When you gamble your whole life on an securing an academic career, you sometimes lose everything before you get up from the table. You stumble to the doors, not believing it, but it is true: you have lost. Moral of story: if you are a devout Catholic of traditionalist inclinations, do NOT attempt a career in academic theology unless you are A) a priest or B) extremely mentally tough. If, however, you are a closet skeptic or think Elisabeth Schussler-Fiorenza is the greatest thing since sliced bread, you can have the mental toughness of a camomile and you will still be okay. You can repent on your deathbed after a wonderful life of colleagues, students, snazzy restaurants and holidays abroad.
Mind you, I loved my M.Div. years. They made me who I am today. I adored my professors. But I should have gone to translation school instead. Wah. Hindsight is 20/20, which is why y'all read my blog.
Still, it could be that I am called to be a mild sort of economic Victim Soul and my job is to wave the flag of orthodox Catholicism even as my toes poke through my Christmas socks. So without any more self-pity, here is the second column I submitted to Prairie Messenger.
Hyssop, Snow and Water
As it takes over an hour to reach my beloved Extraordinary Form of the Mass on Sunday mornings, I am glad that it does not begin at once. Breathless, I need time to calm down and inwardly prepare. Most Sundays our Mass is preceded by the Asperges, the solemn sprinkling with holy water. This is a beautiful ritual recalling our baptism, Jewish purification rituals and Moses sprinkling the Israelites with the blood of sacrifice. Dating from the ninth century at latest, the Asperges was performed before principal Masses on Sundays until 1970.
In the Asperges ceremony, our priest comes into the nave dressed in a cope, but not his chasuble or maniple, as the Asperges is not part of Mass. He follows a thurifer to the altar; the thurifer carries a vessel of holy water and the sprinkler, called an aspergillum. The sanctuary party genuflects while the priest bows low. Then all kneel. The MC takes the aspergillum from the thurifer, dips it in the holy water and gives it to our priest. The priest takes it and, in 13th century plainchant, sings Asperges me (“You will sprinkle me…”).
As he begins to sprinkle the altar and the sanctuary party, the choir and congregation burst into the rest of the verse: … Domine, hyssopo, et mundabor; lavabis me et super nivem dealbabor (“…Lord, with hyssop, and I shall be clean; you will wash me and I shall be whiter than snow.”) This is Psalm 51:7; the organist alone sings Psalm 51:1: Miserere mei Deus secundum magnam misericordiam tuam (“Have mercy on me, God, according to your great mercy”). The choir and people then sing a doxology and, as the priest starts down the aisle to sprinkle them, repeat Psalm 51:7. When the priest has finished sprinkling, he returns to the altar.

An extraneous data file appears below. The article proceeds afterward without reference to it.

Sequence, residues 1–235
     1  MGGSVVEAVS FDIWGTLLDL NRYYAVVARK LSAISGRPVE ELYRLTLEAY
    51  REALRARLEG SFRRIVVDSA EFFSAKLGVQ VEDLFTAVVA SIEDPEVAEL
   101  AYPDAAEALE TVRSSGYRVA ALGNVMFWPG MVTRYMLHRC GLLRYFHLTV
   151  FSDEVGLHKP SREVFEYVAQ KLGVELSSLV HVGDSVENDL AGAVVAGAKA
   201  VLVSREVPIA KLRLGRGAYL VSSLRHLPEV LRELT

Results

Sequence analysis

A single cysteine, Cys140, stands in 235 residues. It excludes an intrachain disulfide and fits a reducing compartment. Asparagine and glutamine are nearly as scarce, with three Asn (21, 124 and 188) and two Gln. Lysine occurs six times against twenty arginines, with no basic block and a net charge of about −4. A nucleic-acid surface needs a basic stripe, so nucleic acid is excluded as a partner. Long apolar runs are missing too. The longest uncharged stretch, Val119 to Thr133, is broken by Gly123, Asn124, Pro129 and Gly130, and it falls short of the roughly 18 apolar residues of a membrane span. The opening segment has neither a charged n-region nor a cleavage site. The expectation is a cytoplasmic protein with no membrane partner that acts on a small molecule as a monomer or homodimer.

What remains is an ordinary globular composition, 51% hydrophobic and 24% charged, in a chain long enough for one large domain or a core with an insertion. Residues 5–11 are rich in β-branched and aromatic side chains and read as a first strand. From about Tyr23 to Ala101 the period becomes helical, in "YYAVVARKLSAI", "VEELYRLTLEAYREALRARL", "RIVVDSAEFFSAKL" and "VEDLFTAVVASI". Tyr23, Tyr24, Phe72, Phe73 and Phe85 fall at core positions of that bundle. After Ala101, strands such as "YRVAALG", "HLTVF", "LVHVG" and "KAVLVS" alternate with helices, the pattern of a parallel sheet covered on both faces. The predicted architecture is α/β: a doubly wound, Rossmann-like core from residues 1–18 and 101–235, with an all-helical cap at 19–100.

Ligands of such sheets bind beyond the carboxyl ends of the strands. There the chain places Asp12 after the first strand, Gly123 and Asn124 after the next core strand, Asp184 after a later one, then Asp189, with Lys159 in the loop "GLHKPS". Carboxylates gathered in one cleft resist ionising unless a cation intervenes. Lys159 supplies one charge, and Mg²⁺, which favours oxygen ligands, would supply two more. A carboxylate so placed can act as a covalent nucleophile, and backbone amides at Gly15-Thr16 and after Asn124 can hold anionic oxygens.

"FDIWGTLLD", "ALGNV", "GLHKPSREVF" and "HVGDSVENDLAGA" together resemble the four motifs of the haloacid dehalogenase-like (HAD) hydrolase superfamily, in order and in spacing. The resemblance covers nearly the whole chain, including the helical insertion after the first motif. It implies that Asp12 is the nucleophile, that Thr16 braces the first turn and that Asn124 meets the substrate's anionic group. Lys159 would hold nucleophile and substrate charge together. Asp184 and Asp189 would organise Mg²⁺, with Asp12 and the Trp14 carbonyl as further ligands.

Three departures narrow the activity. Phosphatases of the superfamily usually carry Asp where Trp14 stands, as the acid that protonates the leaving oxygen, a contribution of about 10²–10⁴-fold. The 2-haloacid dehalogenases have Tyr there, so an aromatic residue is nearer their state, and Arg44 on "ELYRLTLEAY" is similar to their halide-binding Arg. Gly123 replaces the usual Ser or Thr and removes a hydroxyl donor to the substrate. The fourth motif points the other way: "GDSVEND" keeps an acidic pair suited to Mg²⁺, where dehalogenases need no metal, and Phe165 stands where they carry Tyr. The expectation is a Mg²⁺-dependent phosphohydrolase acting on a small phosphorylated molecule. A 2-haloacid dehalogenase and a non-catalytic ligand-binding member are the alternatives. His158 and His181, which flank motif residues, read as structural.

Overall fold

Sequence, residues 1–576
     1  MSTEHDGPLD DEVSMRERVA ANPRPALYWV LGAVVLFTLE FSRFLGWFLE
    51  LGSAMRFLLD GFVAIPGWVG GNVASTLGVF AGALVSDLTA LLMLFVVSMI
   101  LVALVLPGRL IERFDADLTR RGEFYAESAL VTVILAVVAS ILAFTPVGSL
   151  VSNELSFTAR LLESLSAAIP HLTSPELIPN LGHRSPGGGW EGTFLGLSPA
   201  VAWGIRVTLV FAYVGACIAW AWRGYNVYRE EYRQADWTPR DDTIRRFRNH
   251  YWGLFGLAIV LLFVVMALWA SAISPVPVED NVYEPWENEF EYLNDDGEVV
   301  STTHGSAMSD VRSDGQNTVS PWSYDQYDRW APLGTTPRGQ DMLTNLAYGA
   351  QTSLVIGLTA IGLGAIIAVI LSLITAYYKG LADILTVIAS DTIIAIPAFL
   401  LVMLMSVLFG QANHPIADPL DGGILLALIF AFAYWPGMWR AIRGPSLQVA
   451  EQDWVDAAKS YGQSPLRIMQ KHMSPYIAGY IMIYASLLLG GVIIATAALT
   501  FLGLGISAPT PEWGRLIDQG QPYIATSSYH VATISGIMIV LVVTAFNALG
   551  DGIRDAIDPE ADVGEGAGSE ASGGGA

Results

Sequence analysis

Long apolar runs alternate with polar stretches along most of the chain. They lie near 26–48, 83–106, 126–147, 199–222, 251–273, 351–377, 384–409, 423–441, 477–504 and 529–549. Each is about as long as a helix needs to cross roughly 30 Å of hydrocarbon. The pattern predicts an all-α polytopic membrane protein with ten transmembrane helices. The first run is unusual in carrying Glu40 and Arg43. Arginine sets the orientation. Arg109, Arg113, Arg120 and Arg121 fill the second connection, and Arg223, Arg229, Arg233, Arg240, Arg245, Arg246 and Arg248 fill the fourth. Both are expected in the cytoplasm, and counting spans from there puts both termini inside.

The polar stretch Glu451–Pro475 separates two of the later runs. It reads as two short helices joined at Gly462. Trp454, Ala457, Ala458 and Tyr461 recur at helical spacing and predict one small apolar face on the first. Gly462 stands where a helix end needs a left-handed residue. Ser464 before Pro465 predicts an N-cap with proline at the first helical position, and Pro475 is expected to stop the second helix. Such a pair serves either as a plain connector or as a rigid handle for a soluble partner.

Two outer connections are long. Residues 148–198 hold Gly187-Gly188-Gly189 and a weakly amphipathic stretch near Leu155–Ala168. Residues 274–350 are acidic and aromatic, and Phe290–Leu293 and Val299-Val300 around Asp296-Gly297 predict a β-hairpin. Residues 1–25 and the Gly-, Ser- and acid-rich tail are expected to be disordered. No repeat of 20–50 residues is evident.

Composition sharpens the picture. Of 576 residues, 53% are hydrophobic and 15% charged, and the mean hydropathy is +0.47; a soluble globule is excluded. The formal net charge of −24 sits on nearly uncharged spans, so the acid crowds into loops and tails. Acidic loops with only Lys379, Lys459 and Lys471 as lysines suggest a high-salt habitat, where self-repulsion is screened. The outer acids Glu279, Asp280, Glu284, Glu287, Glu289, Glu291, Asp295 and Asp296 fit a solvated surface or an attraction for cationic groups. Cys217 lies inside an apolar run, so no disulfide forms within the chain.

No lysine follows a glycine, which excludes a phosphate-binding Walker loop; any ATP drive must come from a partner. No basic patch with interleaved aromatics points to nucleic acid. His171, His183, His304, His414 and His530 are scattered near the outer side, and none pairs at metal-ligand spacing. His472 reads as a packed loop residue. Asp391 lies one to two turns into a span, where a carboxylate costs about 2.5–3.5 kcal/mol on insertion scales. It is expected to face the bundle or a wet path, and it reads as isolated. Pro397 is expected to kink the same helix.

Ostende nobis, Domine, misericordiam tuam. (“Show us, O Lord, thy mercy”), he prays.
Et salutare tuum da nobis (“And grant us thy salvation”), add the people.
The priest sings, Domine, exaudi orationem meam (“O Lord, hear our prayer”).
We sing, Et clamor meus ad te veniat (“And let my cry come until Thee”).
Dominus vobiscum (“The Lord be with you”), sings the priest.
Et cum spiritu (“And with thy spirit”), we reply.
Oremus (“Let us pray”), directs the priest, and then in Latin sings, “Graciously hear us, O Holy Lord, Father Almighty, Eternal God; and vouchsafe to send down from heaven thy holy angel, that he may watch over, foster, safeguard, abide with and defend all who dwell in this house. Through Christ Our Lord.”
“Amen,” we sing, and then sit as the priest puts on his chasuble and maniple for Mass.
In Eastertide we sing the Vidi Aquam (“I saw water”) instead of the Psalm 51 verses. It derives from Ezekiel 17:1 and alludes both to the water that poured from the wound in the side of our crucified Lord and to our baptism. The music dates from the 10th century.
As we have both Latin and English nicely typed out in the red missals available at the back of the church, the ritual is easy to follow. And I love it for many reasons. It is a way of cleansing the mind and heart before approaching the mystery and awe of Mass. The holy water cleans off the dust, as it were, and the distractions of the world outside. The hyssop of Psalm 51, a forerunner of the aspergillum, was used to sprinkle water in ancient Jewish purification rituals, and so I think of the ancient Hebrew faith. The prayers to be cleaned of and protected from sin remind me both of my failings and of God’s mercy. Finally, as I sing and feel the water on my forehead, I feel a deep connection to all those Catholics who, for over a thousand years, sang and felt the same things.
The Ordinary Form of the Mass contains a Rite of Blessing and Sprinkling Water. Although I have never seen this done, the Sacramentary of 1975 allows for its use in lieu of the Penitential Rite. What I have seen in the Ordinary Form is the Easter Sunday sprinkling after we renew our baptismal vows. The priest often uses a pine branch, which strikes me as a fitting, Canadian substitute for hyssop; for us the smell of pine, like the sight of new snow and running water, suggests refreshing cleanliness.
If you would like to see and hear the traditional Asperges, you can find it easily on youtube.com.
The editor cut out that last sentence, but it is both true and the only place most Canadian Catholics born after 1971 will ever see the Asperges. Meanwhile, there is absolutely nothing in my column about social justice, so you can imagine the wailing from Saskatchewan. After my first "Mad Trad" column, I got an impassioned email from an M.Div. schoolmate out West begging me to stay strong. I think he was thinking about what might happen to him if he had written it. I had nothing to lose.
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